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The Audience Is Not Stupid: The Backward Logic Of China's TV Censors

Essay: After a series of bans on game shows and dance contests, Chinese television now faces new restrictions on foreign programming. But even beyond its wariness of the outside world, Beijing doesn't understand that stifling popular culture can eventually kill all culture.

Article illustrative image Partner logo (Honza Soukup)

BEIJING - Since last October, China’s television stations have been behaving like frightened birds not knowing where to perch.

The State Administration of Radio Film and Television (SARFT) has come up with bans and prohibitions, one after another, in its efforts to control and censor cultural activities provided by these institutions. After the “Cutback on TV Entertainment” aimed at programs such as match-making game shows and dance broadcasts, and the “TV Commercials Ban,” now there’s a prime-time ban on airing foreign television series, including Taiwanese and Hong Kong productions. Furthermore, the air time devoted to foreign dramas must not exceed 25% of a channel’s overall daily drama programming, and any series is limited to a maximum of 50 episodes.

It’s hard to understand the logic of these bans. The choice of entertaining programs, foreign or home-made, or the decision of how many ads are shown has been already worked out by local television stations according to their own rules and broadcasting style. There’s absolutely no need to manage an autonomous market which is capable of self-governance. The audience is not stupid. They can use their remote controls to cut off the lousy dramas or excessive advertising spots.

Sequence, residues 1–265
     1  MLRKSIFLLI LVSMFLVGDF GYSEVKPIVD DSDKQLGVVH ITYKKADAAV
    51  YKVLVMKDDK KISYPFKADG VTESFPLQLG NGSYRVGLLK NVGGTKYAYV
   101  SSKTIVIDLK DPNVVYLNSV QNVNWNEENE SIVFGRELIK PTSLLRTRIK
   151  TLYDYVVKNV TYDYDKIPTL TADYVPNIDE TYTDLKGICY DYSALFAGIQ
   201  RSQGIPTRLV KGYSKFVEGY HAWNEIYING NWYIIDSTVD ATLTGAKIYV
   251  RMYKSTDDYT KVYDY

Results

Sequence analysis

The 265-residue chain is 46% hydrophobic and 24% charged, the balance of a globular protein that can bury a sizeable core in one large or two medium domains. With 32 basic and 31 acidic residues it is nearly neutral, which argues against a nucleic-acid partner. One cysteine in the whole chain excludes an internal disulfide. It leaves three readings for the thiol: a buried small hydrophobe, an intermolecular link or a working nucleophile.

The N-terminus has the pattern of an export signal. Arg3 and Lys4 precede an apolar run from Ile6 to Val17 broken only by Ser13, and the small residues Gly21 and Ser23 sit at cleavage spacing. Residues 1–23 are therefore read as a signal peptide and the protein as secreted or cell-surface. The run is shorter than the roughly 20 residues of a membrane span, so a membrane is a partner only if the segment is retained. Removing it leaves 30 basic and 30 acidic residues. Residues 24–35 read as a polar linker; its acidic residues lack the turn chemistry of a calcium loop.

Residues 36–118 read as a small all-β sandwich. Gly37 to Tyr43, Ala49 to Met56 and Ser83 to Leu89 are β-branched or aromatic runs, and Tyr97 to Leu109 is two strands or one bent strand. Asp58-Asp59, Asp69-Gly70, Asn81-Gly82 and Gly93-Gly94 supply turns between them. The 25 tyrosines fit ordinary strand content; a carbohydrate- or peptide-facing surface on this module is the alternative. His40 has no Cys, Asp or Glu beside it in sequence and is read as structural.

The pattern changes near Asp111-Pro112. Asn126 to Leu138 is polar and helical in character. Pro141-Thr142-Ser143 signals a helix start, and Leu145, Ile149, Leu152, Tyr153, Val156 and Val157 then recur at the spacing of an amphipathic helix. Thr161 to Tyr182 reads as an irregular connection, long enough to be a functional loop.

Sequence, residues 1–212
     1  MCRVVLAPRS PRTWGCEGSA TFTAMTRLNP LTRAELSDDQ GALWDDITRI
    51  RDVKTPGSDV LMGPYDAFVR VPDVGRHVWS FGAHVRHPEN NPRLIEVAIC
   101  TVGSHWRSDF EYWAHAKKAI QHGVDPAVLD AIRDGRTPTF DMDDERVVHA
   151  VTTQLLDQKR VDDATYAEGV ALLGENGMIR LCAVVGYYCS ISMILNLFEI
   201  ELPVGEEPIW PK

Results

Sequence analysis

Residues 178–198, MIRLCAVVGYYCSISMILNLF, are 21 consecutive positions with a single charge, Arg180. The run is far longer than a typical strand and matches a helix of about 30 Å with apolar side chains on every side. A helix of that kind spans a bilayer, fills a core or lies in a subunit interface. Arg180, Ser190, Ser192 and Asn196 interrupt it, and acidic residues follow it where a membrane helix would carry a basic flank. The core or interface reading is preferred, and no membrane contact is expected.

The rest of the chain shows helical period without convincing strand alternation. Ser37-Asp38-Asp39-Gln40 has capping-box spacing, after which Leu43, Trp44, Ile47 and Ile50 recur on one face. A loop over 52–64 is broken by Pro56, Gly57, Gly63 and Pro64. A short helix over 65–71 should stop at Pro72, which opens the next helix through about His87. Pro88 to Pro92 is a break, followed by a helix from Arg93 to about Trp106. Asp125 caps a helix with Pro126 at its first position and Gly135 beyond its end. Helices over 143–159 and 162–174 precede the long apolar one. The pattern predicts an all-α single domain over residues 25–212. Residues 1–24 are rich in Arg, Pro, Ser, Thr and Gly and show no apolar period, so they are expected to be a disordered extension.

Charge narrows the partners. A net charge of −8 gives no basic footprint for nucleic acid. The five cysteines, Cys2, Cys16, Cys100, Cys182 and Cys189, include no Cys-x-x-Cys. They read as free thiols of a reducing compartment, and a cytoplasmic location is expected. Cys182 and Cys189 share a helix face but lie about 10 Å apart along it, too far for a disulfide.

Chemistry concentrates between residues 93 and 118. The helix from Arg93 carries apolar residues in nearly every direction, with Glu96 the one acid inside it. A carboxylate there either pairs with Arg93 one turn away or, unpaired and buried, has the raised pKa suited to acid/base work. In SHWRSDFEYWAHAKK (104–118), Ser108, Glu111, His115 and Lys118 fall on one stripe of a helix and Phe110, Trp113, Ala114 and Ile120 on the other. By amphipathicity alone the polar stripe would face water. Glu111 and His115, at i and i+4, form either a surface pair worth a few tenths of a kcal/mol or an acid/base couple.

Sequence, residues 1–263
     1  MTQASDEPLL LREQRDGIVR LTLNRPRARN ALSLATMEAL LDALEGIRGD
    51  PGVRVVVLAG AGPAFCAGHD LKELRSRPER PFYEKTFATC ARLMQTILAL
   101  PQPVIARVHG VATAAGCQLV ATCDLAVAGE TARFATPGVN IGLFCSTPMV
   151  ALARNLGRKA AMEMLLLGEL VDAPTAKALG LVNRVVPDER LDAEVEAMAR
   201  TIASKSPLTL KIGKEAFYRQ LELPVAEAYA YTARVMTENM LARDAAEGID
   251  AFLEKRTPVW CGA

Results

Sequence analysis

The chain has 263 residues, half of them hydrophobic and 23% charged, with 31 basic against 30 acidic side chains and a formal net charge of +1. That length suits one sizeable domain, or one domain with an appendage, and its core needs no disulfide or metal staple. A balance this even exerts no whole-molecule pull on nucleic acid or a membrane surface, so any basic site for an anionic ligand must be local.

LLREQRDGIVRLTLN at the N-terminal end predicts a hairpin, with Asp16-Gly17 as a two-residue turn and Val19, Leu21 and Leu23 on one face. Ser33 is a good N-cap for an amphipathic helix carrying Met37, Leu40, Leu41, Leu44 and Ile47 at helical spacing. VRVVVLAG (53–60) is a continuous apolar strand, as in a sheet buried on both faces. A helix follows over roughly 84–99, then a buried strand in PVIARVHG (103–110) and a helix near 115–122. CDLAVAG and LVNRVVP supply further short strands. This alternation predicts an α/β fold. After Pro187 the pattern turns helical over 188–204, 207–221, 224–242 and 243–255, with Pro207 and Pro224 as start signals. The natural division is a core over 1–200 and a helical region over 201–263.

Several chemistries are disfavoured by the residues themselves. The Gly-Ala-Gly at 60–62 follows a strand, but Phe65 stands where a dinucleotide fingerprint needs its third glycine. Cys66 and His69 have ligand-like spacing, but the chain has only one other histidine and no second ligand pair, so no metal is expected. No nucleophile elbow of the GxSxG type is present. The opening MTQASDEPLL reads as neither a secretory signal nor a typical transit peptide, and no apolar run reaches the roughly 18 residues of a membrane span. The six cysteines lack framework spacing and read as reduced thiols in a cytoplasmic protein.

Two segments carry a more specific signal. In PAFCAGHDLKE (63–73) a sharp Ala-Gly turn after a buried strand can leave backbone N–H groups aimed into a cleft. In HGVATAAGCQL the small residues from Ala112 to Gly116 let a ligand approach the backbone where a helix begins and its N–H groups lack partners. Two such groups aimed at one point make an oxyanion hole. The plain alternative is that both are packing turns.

Such bans mean that the marketing experience and strategy acquired by the TV stations over the years has now become ineffective. Instead, they have to explore a new set of rules. This will negatively impact the growth and self-regulation mechanisms of the market.

At first glance, the ban on offshore drama seems to provide a monopoly to Chinese-made productions. But because of the earlier restrictions on commercial spots, a lot of local TV stations are now struggling to generate enough income to finance production of their own programs. This cuts into local TV’s audience ratings.

Let cultural 'ecology' flourish

It’s so obvious what harm this monopoly can bring. Without the competition and comparison with offshore programs, coupled with the advertising restrictions, China’s national TV production quality is bound to fall. Yet the SARFT doesn’t seem to mind the constraints caused by these bans.

In this new century, with the expanding competition of Internet and video, TV has become increasingly vulnerable, attractive mainly to the middle-aged and elderly. Strangely enough, instead of taking initiatives to revitalize the market, the SARFT seems willing to suppress it through all kinds of prohibitions. From the ban on imperial dramas and comic series to the corruption plays and spy dramas, now it’s the foreign series which have to go. Yet, the on-screen TV content has hardly stood out for its elegance. Programs are actually getting worse and worse, as China slides toward a moral degeneration.